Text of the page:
It is clearly times when people are under the most duress that they show the greatest tendency to work together. I clearly remember periods of my childhood when an argument quickly turned into a united defense when a parent walked into the room. People find common ground in their shared struggle.
Homeless people in Buenos Aries, Argentina, are working together to build a better life for themselves. When no one would help them, and when they were thought to be the lowest of the low, they found a way to rely on each other to get the help that they needed, and to start creating changes.
Understanding how people make meaning and create community when those in power or the majority don’t allow them can give important anthropological insight into human culture. This kind of look at making meaning, communities, and communities of practice could be useful to apply to disabled or mentally challenged people, or those with diseases. Understanding how these people work together to create meaning even when they’re not allowed to or supposed to, is an important anthropological look at the world around us. How do people make meaning when they are told they can’t?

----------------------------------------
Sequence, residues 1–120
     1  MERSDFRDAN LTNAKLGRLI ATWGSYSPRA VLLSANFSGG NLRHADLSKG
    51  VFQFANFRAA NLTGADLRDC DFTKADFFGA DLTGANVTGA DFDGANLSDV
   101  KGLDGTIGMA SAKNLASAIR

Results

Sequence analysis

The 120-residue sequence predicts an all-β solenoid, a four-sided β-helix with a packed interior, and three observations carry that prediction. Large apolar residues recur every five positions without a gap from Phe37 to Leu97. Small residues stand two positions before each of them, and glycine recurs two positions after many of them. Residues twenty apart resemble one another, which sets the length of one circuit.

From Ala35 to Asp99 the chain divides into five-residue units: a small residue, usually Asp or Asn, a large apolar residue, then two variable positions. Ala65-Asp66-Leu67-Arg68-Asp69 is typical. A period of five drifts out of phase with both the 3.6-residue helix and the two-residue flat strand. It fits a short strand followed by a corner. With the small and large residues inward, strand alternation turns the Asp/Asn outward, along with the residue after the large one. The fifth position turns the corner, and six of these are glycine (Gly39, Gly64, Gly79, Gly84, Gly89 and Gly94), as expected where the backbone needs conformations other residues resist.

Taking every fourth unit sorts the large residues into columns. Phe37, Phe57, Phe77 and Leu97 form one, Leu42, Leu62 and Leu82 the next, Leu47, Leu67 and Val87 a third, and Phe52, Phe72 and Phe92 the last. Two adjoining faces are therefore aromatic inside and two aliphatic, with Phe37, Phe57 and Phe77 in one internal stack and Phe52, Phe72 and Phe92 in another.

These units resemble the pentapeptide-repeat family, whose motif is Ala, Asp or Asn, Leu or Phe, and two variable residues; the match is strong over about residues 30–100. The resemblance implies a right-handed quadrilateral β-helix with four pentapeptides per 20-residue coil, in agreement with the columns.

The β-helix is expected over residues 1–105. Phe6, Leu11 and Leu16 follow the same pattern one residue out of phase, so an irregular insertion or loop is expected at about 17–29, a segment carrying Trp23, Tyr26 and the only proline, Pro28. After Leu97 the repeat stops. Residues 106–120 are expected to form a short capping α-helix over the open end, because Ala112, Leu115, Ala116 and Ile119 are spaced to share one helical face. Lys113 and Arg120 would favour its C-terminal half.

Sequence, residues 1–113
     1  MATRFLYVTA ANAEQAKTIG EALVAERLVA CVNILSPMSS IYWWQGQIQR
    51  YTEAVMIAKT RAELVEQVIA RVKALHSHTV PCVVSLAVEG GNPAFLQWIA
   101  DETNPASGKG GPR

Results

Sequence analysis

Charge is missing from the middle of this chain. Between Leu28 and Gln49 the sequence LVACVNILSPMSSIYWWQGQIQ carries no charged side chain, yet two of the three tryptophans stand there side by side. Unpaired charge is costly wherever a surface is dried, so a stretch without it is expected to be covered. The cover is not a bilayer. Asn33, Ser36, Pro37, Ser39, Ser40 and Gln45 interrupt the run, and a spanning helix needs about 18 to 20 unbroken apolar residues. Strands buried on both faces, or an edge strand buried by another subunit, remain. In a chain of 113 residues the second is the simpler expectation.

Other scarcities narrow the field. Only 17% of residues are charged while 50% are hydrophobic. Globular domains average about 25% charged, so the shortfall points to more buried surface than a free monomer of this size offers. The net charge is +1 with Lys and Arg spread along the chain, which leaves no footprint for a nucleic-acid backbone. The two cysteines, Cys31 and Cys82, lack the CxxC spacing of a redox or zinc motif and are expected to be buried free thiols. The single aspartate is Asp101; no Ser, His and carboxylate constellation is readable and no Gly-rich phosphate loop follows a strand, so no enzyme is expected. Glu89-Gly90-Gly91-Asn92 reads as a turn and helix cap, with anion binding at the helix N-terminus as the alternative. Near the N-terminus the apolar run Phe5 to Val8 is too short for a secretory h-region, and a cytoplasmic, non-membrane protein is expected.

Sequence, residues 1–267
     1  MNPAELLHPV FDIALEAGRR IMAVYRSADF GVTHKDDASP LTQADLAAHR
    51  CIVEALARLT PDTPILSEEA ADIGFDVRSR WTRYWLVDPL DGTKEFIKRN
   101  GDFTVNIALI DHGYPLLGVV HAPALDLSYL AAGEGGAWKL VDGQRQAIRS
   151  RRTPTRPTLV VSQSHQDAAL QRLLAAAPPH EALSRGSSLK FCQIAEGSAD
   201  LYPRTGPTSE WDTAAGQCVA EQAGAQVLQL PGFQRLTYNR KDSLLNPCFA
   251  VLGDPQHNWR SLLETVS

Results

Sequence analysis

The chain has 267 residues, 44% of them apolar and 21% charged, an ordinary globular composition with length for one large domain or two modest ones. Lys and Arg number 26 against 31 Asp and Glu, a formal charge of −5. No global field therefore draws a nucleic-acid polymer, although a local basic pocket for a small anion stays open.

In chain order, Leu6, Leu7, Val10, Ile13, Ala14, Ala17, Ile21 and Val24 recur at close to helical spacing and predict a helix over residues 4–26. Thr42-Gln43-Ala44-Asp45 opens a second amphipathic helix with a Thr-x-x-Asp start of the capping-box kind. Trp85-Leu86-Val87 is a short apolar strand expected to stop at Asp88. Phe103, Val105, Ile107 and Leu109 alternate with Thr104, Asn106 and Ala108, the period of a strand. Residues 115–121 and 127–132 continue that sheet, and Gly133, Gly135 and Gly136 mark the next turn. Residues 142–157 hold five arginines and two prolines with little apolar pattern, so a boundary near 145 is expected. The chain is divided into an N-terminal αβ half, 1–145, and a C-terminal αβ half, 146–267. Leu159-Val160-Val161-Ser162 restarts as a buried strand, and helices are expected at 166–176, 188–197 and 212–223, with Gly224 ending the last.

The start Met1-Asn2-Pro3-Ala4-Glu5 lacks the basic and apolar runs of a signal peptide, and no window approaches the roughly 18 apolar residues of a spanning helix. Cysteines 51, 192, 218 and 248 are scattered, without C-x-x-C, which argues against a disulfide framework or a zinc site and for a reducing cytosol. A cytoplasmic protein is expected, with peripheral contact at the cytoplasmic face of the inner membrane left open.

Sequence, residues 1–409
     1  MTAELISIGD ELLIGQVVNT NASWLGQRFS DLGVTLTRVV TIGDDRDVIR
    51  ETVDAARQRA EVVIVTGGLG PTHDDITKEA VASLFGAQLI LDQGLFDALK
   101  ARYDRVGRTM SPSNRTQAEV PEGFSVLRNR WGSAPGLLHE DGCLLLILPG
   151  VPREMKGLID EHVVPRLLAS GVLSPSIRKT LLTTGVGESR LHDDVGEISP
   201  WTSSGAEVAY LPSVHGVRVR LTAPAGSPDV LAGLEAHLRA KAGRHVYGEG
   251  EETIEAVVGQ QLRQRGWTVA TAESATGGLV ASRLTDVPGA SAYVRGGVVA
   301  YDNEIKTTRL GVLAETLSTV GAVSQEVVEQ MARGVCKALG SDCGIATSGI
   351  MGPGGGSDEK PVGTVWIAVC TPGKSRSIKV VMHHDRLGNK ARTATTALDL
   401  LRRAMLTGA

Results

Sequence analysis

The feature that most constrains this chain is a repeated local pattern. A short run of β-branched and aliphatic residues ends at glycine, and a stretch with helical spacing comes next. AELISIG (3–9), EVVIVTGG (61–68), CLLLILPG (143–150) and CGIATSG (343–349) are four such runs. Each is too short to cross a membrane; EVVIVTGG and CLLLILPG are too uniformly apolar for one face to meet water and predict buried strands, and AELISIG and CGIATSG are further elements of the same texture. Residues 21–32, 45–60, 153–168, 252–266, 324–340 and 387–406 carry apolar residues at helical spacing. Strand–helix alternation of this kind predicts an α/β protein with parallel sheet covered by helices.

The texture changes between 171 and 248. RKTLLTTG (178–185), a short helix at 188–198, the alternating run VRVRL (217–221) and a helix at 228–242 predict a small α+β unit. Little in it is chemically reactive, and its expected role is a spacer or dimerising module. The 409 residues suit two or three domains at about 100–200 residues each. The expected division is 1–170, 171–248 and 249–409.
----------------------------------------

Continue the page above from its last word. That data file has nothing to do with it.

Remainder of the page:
Reference: Self-Organization, Integration and Homeless People by Ana Inés Heras